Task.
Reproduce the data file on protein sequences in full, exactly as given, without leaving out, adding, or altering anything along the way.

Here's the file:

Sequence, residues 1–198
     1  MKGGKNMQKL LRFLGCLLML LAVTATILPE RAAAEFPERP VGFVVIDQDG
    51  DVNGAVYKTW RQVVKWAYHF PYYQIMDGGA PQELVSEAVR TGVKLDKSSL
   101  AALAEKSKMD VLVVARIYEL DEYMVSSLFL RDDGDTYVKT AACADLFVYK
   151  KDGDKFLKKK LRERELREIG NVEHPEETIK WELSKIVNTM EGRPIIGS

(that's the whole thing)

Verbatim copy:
Sequence, residues 1–198
     1  MKGGKNMQKL LRFLGCLLML LAVTATILPE RAAAEFPERP VGFVVIDQDG
    51  DVNGAVYKTW RQVVKWAYHF PYYQIMDGGA PQELVSEAVR TGVKLDKSSL
   101  AALAEKSKMD VLVVARIYEL DEYMVSSLFL RDDGDTYVKT AACADLFVYK
   151  KDGDKFLKKK LRERELREIG NVEHPEETIK WELSKIVNTM EGRPIIGS